“The moral of the story is building trust and relationships,” Johnson said. “When you do the right thing, create trust and tell people what you really can and cannot do, and even go so far as to facilitate ways to solve the problem that would be at least initially at your expense, it brings multiple returns in the future.”
Taking an unconventional path to success has been Johnson’s approach from the start of his career. Rather than take the typical path of joining a Big Four firm after graduation, he started in industry with Cinemark Theatres’ corporate tax department for eight years. The self-starter aspect of wearing every hat while working in industry taught Johnson resourcefulness that benefited him when he decided to make a move to public accounting, first with Arthur Andersen and then with the Big Four position that started his relationship with Zander. Along the way, he learned where his true interests and gifts aligned.
“I never intended to stay in public accounting longer than 36 months — I always planned to come back to industry,” Johnson said. “I was pleasantly surprised that I really enjoyed the client relationship aspect as well as the internal relationship aspect. I love to make a positive impact on the internal environment I am in. But it’s really rewarding to also help clients solve problems and be that quarterback sneaking over the goal line. Public accounting allowed me to let my extrovert out and I really enjoyed that.”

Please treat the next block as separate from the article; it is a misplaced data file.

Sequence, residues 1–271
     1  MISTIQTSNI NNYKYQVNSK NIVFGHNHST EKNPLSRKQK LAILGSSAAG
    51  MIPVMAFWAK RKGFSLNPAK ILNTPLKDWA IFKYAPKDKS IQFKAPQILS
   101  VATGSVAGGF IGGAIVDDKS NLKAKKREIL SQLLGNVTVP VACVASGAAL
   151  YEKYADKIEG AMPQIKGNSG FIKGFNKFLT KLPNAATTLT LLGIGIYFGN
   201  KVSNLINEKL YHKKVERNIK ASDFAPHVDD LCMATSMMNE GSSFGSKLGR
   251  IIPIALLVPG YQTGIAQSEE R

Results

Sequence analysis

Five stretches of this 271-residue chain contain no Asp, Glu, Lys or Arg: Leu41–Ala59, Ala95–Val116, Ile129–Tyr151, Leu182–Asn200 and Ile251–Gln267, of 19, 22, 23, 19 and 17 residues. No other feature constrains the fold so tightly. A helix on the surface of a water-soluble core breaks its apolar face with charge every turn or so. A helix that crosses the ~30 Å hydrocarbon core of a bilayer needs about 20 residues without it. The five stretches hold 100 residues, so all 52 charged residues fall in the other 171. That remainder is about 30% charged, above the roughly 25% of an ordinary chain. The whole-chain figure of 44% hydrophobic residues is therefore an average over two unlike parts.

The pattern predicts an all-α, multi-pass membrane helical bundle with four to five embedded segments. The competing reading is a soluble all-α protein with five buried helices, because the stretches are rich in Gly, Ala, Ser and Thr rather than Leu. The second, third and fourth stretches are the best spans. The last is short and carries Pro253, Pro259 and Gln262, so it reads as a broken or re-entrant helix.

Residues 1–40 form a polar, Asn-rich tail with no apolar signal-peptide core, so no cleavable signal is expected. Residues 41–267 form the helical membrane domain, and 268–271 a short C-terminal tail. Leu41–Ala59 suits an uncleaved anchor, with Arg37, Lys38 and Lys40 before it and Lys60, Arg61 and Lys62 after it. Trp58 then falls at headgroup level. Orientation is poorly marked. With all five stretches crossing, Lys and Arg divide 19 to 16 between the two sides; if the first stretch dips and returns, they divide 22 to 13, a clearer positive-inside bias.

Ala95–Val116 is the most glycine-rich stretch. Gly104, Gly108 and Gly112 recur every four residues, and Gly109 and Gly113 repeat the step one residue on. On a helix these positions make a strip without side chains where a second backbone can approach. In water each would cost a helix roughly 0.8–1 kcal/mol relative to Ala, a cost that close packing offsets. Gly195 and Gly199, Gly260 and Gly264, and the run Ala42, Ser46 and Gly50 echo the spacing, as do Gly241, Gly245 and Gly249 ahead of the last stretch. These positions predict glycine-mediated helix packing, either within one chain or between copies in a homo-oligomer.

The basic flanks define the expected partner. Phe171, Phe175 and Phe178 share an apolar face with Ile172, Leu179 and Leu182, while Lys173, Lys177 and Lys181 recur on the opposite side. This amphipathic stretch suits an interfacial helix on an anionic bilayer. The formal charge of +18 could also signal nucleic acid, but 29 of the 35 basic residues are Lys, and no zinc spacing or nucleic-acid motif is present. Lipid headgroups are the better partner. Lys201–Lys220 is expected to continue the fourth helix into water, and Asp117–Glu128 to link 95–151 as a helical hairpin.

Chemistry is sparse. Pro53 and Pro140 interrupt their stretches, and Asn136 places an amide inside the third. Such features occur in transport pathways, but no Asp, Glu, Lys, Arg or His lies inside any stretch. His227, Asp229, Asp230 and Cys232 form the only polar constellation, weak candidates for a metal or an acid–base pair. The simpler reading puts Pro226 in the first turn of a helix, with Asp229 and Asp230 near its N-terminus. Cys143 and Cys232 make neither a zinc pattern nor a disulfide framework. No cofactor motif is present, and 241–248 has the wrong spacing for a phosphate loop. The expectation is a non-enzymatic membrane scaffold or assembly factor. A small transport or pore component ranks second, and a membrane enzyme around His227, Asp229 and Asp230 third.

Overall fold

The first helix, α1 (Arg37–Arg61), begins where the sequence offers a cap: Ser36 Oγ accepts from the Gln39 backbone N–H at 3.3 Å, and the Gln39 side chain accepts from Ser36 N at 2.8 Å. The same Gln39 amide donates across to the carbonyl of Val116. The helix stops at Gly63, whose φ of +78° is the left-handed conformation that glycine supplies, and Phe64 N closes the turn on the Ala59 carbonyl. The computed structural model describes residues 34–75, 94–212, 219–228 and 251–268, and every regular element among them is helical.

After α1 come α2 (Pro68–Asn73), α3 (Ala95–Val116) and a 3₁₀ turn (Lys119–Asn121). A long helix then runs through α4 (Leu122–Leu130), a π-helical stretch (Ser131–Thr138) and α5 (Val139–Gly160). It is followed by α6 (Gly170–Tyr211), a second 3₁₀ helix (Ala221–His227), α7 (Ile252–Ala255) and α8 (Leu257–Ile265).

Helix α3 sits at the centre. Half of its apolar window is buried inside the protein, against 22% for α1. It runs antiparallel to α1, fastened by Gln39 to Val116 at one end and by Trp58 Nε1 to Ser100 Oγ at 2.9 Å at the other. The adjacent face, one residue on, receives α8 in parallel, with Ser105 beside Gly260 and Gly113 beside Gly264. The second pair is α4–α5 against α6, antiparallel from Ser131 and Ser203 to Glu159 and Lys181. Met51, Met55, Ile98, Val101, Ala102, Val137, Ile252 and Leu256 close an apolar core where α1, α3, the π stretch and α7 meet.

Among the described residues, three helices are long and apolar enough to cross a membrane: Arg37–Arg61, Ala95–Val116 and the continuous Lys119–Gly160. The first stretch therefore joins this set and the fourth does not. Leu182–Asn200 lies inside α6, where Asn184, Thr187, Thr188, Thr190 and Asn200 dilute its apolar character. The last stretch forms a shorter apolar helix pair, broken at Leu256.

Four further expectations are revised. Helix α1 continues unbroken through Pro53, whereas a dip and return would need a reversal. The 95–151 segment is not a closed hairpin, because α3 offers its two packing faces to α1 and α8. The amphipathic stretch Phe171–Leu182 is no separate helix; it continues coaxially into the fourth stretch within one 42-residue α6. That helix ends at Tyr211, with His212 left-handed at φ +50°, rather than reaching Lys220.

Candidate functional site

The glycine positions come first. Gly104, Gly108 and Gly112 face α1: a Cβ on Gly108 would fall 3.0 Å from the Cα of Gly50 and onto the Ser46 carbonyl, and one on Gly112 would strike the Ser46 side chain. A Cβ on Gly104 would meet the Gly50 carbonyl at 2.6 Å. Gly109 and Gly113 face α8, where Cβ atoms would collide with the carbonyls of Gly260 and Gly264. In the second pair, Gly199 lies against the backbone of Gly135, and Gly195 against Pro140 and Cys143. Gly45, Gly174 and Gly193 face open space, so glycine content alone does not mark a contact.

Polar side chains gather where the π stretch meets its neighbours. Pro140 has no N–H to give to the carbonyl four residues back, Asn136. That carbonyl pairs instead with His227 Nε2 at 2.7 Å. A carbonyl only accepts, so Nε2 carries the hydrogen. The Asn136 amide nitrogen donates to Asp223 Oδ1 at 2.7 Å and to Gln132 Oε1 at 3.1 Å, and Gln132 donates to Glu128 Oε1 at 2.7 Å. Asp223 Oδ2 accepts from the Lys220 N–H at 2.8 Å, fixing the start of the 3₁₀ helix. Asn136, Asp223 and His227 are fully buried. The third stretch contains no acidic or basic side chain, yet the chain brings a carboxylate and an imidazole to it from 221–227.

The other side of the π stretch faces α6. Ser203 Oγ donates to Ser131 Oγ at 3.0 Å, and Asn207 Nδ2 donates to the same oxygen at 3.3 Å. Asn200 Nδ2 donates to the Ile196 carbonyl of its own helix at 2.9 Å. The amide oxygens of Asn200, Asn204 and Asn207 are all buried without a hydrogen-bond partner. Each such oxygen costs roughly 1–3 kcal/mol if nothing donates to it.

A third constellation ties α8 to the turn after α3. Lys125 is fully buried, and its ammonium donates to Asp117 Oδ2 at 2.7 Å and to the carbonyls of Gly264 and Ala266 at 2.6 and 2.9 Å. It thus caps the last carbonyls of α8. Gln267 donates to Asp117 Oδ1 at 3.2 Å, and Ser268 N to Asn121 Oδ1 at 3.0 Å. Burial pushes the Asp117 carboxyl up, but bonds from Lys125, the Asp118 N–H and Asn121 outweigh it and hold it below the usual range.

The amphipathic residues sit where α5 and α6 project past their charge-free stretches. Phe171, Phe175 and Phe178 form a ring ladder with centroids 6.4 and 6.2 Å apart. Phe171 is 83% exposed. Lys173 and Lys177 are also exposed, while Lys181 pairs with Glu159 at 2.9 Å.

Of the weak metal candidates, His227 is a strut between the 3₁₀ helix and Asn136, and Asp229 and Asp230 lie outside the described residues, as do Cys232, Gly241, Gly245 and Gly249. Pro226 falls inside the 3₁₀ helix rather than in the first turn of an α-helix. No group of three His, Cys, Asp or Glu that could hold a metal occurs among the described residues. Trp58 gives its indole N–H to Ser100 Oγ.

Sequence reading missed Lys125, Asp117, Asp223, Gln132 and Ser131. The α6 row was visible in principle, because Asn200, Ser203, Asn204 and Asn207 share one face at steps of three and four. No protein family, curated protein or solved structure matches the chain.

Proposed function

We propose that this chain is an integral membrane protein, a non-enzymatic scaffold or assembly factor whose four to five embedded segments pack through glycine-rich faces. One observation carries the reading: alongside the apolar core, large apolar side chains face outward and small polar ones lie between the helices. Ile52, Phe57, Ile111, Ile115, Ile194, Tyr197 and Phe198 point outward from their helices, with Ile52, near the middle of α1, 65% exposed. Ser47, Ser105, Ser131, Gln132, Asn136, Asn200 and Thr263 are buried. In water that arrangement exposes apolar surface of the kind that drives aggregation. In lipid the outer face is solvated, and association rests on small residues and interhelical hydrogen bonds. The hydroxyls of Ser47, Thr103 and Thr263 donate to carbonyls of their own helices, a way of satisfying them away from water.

Johnson struck up a relationship with MCG founding partner Matt Coscia while Matt was doing tax consulting work on a mutual audit client. After about 18 months, Coscia asked Johnson to join the firm. Johnson was not positive the firm’s client profile matched his experience and skill-set, but received assurances that the support would be there to provide the service he wished for his clients.
“He literally used the words, ‘This is your canvas, go paint it,’” Johnson said. “I asked about getting resources that were not with the firm at that time, and he said identify who you want and go get them. Matt was true to his word. The biggest appeal to me about MCG was the autonomy and the ability to paint that canvas and to write your own script.
“That’s been the case ever since. I use the same sales pitch on every experienced person I bring in here when we’re acquiring talent that’s very specific: I’m just here to give you what you need and then get out of your way — you’re going to do a far better job than I can within your specialty. Time and time again, that autonomy and that empty canvas to paint have been appealing to some very talented people.”
It’s clear that Johnson’s ability to connect with clients paired with MCG’s adaptability and capability have created a ‘secret sauce’ that ultimately benefits their clients. “The stickiness of the relationships and the ‘I’ve got your back’ personal side of this is really the moral of the story,” Johnson said. “It’s more than just being a service partner, it’s more than just an advocate, it’s trust. When your clients become true friends, their interests naturally become your interests.”